Politics of Thursday, 12 September 2019
The Leader and Founder of the United Front Party (UFP), Mr Akwasi Addai, has called for the powers of the President to make key appointments to state institutions to be reduced.
That, according to him, would give impetus to the fight against corruption.
Speaking to the Daily Graphic, he said the nation’s Constitution gave the President too much power, and such power created the avenue for corruption upon assumption of office by a President.
Explaining further, he said because the President had been helped by some individuals during the electioneering to win power, such persons were appointed into public office.
Once in office, he held, they saw the opportunity to recoup whatever investments they had made into the campaign of the President, thereby dipping their hands into the public purse.
Mr Addai, popularly called ‘Odike’, observed that there was the need for a system that would create an environment for meritocracy, pragmatism, honesty and efficiency.
In view of that, he said given the chance to lead the country, one of the examples that he would give Ghanaians would be to amend the Constitution and strip the President of most of the powers.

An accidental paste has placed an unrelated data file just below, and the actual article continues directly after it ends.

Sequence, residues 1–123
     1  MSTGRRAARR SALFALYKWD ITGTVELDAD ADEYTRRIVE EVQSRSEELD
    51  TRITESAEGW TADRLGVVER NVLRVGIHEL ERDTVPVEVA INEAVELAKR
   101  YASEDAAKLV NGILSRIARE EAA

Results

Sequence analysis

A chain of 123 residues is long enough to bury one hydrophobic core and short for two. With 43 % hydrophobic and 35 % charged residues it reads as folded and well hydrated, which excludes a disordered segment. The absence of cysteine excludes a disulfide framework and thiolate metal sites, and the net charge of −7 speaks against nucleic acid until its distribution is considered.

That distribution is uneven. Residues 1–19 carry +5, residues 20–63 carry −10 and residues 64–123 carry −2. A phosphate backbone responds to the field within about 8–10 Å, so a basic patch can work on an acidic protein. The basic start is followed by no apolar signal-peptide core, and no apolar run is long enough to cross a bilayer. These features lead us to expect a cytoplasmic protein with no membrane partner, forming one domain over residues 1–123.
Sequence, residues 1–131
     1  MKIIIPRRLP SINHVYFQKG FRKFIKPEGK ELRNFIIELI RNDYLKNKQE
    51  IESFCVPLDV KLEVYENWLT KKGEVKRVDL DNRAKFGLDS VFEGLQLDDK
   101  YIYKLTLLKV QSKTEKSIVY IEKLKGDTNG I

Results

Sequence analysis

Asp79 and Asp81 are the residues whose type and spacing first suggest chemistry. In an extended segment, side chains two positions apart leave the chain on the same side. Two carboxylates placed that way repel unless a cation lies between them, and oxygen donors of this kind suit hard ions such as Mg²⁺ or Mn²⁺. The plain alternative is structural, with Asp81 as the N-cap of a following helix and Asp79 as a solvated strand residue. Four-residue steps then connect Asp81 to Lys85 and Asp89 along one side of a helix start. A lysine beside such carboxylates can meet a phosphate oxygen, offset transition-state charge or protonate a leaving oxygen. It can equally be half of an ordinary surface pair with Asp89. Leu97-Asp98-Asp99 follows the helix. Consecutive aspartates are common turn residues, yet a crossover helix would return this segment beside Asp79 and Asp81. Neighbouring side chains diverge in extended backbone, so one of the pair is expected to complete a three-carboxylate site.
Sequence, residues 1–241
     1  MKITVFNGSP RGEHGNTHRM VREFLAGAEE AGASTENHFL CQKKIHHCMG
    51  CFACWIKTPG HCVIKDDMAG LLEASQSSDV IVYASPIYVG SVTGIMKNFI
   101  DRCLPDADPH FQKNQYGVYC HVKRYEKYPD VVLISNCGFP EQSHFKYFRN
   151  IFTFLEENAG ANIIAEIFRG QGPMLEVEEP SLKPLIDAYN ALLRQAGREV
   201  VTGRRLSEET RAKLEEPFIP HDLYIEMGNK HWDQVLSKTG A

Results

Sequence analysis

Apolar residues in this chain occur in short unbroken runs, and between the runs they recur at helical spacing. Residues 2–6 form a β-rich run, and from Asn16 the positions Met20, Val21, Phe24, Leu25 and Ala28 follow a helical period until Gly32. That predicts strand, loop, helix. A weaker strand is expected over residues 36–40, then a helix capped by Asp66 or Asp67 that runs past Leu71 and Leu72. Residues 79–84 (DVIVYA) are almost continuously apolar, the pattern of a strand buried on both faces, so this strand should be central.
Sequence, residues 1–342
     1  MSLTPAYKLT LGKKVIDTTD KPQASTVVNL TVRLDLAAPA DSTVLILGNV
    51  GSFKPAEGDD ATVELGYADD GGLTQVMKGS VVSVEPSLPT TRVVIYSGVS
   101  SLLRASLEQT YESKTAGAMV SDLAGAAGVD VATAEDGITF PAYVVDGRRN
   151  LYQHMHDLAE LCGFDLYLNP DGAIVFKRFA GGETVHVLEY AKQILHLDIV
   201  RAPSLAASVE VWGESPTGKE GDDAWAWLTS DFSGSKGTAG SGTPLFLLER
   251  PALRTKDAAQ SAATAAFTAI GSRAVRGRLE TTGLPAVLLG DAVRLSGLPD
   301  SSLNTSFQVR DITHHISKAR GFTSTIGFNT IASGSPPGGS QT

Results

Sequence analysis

There was also a need, he said, to introduce a bicameral legislature and that under such a system, Members of Parliament (MPs) would not be appointed as ministers of State where Metropolitan, Municipal and District Chief Executives (MMDCEs) would be elected on a non-partisan basis.
“All institution heads will go through a process of being selected by their various institutions. For example, the Inspector General of Police (IGP) will be selected by the Police Administration, the Chief Justice will be selected by the Judicial Service and only the Attorney-General will be appointed by the President,” he pointed out.
When that was done, he said, corruption would be reduced drastically by at least 70 per cent and that would make the work easier.
It was the viewpoint of Mr Addai that both the New Patriotic Party (NPP) and the National Democratic Congress (NDC) had failed in the fight against corruption as both parties had resorted to chasing perpetrators, “but that is not the way to go”.
The approach rather, he said, ought to be preventive in order to stem its occurrence.
He posited that, “You can’t open your doors and expect a thief to come and steal before you chase the thief. So both parties have it all wrong.”
He alleged that both the NPP and the NDC were touting the arrest and prosecution of people, as well as the bringing in of the Special Prosecutor “but what we need is very simple, and that is for Ghanaians to open their eyes”.
“We need to make conscious effort at decoupling all state institutions from the President’s influence. When we are able to achieve this, corruption will be minimised,” he stated.
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